Adjudication as a form of dispute resolution in respect of construction disputes – focus on Kenya and mauritius



[1] By King Thomas – Partner, Pinsents Masons South Africa and Roberts Carmen – Pinsents Masons South Africa

As you may have seen in the article published by our colleagues Thethe Mokele and Kirsten Gilbert-Dempsey, “Treatment By Courts, of Adjudication, as an Alternative Form of Dispute Resolution In Construction Disputes – South Africa, Tanzania And Namibia” and as touched on by Adeola Agunbiade-Adeyemi in her article “Construction Adjudication In Nigeria: Navigating The Enforcement Landscape”, the world of construction adjudication is an ongoing topic of conversation – and for good reason.

The exponential growth of construction projects to address the infrastructure deficit in Africa has highlighted a need for state backed alternative dispute resolution (“ADR”) processes that seek to aid the construction process. Adjudication is one such form of ADR which can expeditiously resolve conflict, through the decision of an unbiased and sector knowledgeable third party. Adjudication has proven very popular in other jurisdictions around the world and is effective at keeping projects moving forward and relatively free of the log jams often caused by bureaucratic and lengthy litigation procedures.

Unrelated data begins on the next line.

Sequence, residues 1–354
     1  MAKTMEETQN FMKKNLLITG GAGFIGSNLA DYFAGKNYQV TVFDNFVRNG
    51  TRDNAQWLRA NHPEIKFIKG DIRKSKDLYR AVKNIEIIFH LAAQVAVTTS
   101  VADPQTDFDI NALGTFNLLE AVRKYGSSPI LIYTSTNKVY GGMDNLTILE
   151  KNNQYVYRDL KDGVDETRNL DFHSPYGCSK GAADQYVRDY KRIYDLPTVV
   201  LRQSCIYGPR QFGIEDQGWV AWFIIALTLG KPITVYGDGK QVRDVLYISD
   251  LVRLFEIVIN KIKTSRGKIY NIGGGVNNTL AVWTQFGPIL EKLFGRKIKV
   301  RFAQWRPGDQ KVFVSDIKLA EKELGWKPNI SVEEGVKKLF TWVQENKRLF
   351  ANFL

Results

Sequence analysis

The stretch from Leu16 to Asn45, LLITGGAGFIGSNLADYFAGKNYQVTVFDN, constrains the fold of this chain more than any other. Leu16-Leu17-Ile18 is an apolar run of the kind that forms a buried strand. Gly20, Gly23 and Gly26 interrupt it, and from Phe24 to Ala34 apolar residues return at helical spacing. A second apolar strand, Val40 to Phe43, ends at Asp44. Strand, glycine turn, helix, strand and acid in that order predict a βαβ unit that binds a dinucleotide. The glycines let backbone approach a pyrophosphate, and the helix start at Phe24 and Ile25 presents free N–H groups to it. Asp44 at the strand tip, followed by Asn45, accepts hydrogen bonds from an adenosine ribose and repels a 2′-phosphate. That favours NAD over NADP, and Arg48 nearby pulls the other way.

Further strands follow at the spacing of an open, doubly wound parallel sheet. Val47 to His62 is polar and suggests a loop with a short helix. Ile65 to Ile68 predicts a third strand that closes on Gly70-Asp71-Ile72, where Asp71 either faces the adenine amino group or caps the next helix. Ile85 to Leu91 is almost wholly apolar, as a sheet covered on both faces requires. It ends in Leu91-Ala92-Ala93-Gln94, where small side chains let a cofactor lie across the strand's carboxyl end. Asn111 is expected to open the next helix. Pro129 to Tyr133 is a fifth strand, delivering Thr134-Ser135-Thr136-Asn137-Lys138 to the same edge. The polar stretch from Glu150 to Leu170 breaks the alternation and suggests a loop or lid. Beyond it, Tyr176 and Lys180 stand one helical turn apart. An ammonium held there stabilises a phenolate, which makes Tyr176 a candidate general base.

In continuing the conversation around adjudications in Africa, we now explore the landscape of Construction Adjudications in Kenya and Mauritius.

Adjudication in Kenya

Much like many of the jurisdictions in Africa, Kenya has yet to implement a statutory framework which regulates construction adjudications specifically, despite adjudications playing an informal role in the resolution processes of construction projects for many years in the jurisdiction.